Improvements over Pedro's version:

  1. Original approach did not work for me on Android 7: adb pull kept complaining about no such file or directory while adb shell could access the file. Hence I used different approach, with temporary file.
  2. When launched with no arguments, my script will just list all available packages. When partial package name is provided, it will try to guess the full package name. It will complain if there are several possible expansions.
  3. I don't hardcode destination path; instead APKs are saved to current working directory.

Save this to an executable file:

#!/bin/bash
# Obtain APK file for given package from the device connected over ADB

if [ -z "$1" ]; then
    echo "Available packages: "
    adb shell pm list packages | sed 's/^package://'
    echo "You must pass a package to this function!"
    echo "Ex.: android_pull_apk \"com.android.contacts\""
    exit 1
fi

fullname=$(adb shell pm list packages | sed 's/^package://' | grep $1)
if [ -z "$fullname" ]; then
    echo "Could not find package matching $1"
    exit 1
fi
if [ $(echo "$fullname" | wc -l) -ne 1 ]; then
    echo "Too many packages matched:"
    echo "$fullname"
    exit 1
fi
echo "Will fetch APK for package $fullname"

apk_path="`adb shell pm path $fullname | sed -e 's/package://g' | tr '\n' ' ' | tr -d '[:space:]'`"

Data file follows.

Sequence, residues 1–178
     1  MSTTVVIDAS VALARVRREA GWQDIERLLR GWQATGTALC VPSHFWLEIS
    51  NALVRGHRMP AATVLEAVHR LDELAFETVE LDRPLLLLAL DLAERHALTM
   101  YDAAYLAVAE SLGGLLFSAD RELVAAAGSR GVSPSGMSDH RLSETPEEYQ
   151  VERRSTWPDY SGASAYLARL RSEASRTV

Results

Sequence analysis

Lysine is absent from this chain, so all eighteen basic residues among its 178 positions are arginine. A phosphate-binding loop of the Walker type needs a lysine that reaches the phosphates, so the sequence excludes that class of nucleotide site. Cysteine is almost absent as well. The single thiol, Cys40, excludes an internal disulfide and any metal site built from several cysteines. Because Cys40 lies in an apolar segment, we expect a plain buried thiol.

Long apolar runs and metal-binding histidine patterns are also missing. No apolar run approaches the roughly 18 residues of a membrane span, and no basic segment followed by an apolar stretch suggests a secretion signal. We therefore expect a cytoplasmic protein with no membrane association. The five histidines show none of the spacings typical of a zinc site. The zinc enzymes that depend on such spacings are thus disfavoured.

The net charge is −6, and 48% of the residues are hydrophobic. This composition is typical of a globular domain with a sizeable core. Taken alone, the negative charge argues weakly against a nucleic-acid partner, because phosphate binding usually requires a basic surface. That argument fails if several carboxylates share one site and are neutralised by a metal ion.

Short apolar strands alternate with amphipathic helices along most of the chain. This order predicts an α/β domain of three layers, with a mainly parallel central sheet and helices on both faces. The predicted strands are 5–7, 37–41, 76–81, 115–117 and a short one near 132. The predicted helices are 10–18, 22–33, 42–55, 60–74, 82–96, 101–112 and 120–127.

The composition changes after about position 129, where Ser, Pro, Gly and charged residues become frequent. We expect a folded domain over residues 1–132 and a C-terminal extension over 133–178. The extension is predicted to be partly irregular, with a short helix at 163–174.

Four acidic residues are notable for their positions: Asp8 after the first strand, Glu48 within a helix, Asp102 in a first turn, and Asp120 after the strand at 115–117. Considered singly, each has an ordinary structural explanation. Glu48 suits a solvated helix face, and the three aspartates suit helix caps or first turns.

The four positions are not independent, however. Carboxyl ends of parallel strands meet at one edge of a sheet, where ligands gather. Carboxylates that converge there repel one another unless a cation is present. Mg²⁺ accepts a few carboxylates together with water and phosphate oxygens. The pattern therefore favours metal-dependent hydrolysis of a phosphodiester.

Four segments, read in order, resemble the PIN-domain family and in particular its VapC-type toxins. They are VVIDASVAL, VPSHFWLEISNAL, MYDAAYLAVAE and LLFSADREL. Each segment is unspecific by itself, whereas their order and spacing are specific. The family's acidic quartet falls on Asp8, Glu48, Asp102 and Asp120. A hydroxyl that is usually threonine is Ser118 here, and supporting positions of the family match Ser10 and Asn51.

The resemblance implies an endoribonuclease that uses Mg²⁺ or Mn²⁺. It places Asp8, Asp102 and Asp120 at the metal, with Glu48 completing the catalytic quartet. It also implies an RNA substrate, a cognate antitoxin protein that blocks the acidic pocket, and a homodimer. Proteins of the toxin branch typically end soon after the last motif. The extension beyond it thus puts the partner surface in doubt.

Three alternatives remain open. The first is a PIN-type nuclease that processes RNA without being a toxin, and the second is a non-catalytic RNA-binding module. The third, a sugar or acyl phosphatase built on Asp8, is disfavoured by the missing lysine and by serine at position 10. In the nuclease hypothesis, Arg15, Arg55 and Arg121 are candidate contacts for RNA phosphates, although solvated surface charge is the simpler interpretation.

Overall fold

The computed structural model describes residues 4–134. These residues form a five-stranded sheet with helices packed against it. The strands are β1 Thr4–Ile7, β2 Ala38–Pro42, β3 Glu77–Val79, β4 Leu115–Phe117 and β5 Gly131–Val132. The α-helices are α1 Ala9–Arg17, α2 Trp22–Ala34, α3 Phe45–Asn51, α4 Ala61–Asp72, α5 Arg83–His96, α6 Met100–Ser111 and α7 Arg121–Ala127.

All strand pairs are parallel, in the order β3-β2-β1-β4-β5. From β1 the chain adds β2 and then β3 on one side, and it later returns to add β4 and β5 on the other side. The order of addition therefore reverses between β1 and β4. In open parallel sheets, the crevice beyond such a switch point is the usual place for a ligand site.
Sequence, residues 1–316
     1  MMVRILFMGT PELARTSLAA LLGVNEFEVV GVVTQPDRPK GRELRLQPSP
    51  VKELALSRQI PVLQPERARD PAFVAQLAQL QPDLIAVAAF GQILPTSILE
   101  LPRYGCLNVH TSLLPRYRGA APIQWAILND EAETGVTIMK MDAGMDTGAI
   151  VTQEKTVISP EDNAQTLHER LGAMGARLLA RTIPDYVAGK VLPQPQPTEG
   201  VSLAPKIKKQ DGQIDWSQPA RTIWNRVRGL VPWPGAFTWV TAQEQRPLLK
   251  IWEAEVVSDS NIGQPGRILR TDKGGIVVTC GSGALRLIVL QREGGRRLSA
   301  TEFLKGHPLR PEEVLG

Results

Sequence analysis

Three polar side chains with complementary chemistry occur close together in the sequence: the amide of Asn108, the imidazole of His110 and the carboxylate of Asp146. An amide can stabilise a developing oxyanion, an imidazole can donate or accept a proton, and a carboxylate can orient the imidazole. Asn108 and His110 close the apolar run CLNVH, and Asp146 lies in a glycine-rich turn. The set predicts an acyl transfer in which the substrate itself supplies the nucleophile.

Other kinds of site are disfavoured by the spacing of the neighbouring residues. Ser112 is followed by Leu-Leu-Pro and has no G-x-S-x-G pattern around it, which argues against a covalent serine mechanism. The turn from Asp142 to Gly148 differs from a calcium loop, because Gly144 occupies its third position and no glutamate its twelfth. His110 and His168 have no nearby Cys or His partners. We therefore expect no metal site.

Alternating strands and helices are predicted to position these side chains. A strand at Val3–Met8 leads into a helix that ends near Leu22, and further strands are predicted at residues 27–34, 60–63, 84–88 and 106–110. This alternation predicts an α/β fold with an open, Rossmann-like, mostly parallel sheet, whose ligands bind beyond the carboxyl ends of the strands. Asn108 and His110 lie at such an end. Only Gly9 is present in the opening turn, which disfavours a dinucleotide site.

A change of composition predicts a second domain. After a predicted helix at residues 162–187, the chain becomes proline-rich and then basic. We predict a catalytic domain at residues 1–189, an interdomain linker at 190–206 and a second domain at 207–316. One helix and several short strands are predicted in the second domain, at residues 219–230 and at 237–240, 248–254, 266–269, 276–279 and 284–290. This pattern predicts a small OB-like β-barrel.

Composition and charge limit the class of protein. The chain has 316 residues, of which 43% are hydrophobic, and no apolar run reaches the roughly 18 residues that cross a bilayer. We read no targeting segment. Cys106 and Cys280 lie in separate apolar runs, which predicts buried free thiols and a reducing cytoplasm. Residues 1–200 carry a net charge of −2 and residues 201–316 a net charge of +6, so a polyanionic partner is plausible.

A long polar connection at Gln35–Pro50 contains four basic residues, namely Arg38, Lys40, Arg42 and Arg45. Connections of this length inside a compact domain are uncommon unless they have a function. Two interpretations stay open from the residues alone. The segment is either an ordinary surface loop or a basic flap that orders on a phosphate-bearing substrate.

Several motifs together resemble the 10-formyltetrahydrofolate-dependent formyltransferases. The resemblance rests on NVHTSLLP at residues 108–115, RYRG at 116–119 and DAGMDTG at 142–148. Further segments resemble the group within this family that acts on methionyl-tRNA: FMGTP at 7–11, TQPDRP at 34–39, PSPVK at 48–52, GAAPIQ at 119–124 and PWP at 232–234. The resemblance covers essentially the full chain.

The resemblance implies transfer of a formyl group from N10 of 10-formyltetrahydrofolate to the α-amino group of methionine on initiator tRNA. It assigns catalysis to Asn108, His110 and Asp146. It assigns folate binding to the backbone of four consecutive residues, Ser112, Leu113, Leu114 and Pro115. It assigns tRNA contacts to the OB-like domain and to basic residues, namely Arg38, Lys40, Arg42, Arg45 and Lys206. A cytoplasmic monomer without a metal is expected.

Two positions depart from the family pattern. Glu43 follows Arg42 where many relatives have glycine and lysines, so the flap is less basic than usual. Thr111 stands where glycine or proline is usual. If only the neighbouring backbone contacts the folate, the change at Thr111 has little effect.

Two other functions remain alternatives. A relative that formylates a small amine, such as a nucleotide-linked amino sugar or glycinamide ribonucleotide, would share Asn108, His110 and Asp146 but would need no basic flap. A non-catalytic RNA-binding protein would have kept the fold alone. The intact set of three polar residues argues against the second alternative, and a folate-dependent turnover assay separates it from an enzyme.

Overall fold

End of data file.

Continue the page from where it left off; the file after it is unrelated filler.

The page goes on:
apk_name="`basename ${apk_path} | tr '\n' ' ' | tr -d '[:space:]'`"

destination="${fullname}.apk"

tmp=$(mktemp --dry-run --tmpdir=/sdcard --suffix=.apk)
adb shell cp "${apk_path}" "$tmp"
adb pull "$tmp" "$destination"
adb shell rm "$tmp"

[ $? -eq 0 ] && echo -e "\nAPK saved in \"$destination\""

Simplest one is: Install "ShareIt" app on phone. Now install shareIt app in PC or other phone. Now from the phone, where the app is installed, open ShareIt and send. On other phone or PC, open ShareIt and receive.

This will help for someone who is looking for a non technical answer

This is simple hack

Download the application App Share/Send Pro from google play store. Select the app you want to send and method send application.

I usually use Bluetooth to send applications to my pc or another phone.

  • It's not easy to use – Toaster Jun 6 at 5:35

protected by Community Dec 4 '15 at 23:40